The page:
How Tele-Navigation Reduces Admissions, Cuts ED Costs
There were barriers, especially when it came to physicians, Pete Shelkin, Presbyterian's vice president and CTO, said. Many were concerned that patients would fall through the cracks and didn't trust that patients would get an appointment with a PCP in a timely manner. There is a perception of EDs as a safety net, he added, and providers do not want to turn anyone away.
"It's one thing to get everybody to agree [to] change culture, it's another to get everybody to agree how to do it," he said.
The organization responded with a guarantee that patients would get an appointment in 12 to 24 hours or would be diverted to urgent care if that was not possible. It also spent lots of time and effort on risk analysis and scenario planning. Physicians contributed to establishing the criteria for which patients would be served by the navigation program.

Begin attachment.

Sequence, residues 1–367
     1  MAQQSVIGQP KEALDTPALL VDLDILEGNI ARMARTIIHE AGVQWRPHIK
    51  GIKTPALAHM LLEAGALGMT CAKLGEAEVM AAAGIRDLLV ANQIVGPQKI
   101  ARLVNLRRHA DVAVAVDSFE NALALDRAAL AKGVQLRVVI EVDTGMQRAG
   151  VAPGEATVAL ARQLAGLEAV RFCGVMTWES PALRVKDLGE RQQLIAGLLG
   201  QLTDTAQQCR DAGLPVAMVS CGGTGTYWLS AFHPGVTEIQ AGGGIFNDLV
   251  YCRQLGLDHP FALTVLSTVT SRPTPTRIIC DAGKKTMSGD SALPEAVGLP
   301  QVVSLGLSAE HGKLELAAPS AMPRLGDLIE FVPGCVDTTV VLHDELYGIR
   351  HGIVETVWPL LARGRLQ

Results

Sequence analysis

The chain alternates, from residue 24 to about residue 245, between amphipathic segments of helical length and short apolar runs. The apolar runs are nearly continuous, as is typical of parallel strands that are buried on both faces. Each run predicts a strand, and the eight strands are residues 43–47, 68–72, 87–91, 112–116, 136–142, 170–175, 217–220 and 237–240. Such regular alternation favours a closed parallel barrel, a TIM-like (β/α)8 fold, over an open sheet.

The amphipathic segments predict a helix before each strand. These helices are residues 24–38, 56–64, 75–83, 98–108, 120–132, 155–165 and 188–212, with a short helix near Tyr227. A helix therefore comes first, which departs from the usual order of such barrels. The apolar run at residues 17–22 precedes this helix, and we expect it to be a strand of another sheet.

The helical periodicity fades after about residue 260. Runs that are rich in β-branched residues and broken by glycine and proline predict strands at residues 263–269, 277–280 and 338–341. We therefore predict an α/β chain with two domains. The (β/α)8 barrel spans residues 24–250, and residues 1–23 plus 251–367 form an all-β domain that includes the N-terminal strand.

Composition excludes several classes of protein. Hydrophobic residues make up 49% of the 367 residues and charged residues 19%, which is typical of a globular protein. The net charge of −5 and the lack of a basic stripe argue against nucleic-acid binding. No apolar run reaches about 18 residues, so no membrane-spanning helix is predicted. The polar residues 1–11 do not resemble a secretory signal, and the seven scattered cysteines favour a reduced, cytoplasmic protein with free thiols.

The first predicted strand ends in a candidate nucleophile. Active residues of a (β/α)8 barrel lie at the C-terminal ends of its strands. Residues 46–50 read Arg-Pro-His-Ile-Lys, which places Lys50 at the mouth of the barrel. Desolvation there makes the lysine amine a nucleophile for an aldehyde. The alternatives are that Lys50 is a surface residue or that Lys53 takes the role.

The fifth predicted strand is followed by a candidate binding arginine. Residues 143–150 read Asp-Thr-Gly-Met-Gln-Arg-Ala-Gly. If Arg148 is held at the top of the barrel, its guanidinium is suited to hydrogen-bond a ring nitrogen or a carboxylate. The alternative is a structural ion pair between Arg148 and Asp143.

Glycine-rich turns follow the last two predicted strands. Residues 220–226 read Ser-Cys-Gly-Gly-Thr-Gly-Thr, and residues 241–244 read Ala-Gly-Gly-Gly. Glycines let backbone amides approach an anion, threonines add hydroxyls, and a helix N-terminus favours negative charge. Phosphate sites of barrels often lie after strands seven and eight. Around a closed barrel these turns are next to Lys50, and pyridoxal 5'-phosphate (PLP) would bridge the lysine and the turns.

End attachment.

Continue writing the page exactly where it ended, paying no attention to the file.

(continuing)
Now "providers love this program," Johnson says. That's because they want to help their patients navigate the system, understand their insurance benefits and get access to and feel comfortable with visiting primary care physicians.
In the first 47 weeks of the program, 10% of overall ED visits were navigated; an average of 23 patients per day across the two EDs that were live at the time.
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